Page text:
Crochet artist creates own creatures

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Dafne Bravo

Her own style: Former Cerritos College student Carina Munoz created this crochet animal. Munoz crochets

Dafne Bravo and Dafne Bravo

Twenty-year-old Carina Munoz, a former Cerritos College student is a devoted talented crocheter.

Her unique animal pieces set her apart from the normal crochet such as scarves or sweaters.

Crochet can be like any other art form. It may be a hobby for some, but for Munoz, it is a talent that has been passed down from previous generations of her family.

Starting with simple projects such as wallets and coin pouches, Munoz expanded to making small animals that have characteristics of more simple and soft versions of different animals.

Munoz also taught herself to create the different projects just by watching videos on the internet.

Slowly she started to expand her knowledge by learning how to read patterns and making her own “original creations” as she mentioned.

Beginning around middle school and inspired by all her mother’s crochet pieces, her interest progressed as she would help her mother.

Learning to crochet was not an easy task due to the fact that she is left handed and her mother is right handed.

Munoz commented, “I could see what she was doing but it was really hard for me to copy her because it’s like a mirror image. I learned how to deal with that over time.”

After crocheting for quite a while, over time her pieces such as blankets and scarves became repetitive. It caused her to feel as if she was losing that connection she initially had with crochet.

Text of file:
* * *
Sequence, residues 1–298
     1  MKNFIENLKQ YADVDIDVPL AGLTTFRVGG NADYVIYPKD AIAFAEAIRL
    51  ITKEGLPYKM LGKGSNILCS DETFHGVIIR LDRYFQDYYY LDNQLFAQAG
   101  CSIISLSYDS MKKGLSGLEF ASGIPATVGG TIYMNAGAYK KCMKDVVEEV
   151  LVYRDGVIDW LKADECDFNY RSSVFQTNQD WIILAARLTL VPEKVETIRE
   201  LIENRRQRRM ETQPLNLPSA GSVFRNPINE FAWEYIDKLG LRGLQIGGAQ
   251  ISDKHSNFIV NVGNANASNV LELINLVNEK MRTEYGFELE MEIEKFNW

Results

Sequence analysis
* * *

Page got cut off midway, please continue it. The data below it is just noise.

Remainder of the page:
She began to get back into crocheting once again looking for ideas online to change up her routine.

Reflecting on her work, Munoz said, “It takes a lot of patience and it is time consuming depending on what it is. It can even be frustrating at times.”

She is inspired by other people’s creations.

It is something that gives her drive to challenge herself into doing even better.

Computer design major Sarah Wade who has assisted Munoz with ideas and designs on crochet pieces for the past five years.

Wade commented, “Most are ideas we (Munoz and I) have come up with over the years and the animals were all ideas I thought would work for her.”

An obstacle Wade mentioned was getting her friend’s name out and promoting her work.

She thinks Munoz can successfully sell her crochet pieces with the right steps.

The dedication that is invested by Munoz can sometimes take up four to five hours a day to crochet an animal.

Munoz’s goal is to eventually step out of the animal pieces she makes and to begin to make little people.